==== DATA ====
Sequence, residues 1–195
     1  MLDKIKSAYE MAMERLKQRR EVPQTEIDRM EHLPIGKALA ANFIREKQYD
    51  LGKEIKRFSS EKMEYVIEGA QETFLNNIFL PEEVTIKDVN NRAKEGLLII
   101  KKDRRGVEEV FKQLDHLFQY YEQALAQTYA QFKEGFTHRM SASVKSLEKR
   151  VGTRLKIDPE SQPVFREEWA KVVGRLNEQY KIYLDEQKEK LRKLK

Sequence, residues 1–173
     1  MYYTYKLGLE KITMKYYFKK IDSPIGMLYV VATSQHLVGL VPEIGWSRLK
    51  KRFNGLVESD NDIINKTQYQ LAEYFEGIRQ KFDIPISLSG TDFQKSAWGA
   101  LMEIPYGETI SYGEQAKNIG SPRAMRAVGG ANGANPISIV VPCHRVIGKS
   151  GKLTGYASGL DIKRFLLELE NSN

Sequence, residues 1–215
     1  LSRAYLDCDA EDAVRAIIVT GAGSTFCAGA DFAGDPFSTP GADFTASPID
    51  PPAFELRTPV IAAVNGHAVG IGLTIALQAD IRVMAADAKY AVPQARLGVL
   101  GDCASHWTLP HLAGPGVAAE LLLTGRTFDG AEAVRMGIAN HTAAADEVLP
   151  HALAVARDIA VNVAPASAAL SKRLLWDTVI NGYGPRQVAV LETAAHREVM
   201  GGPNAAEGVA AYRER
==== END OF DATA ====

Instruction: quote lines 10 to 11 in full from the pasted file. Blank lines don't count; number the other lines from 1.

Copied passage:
   151  GKLTGYASGL DIKRFLLELE NSN

Sequence, residues 1–215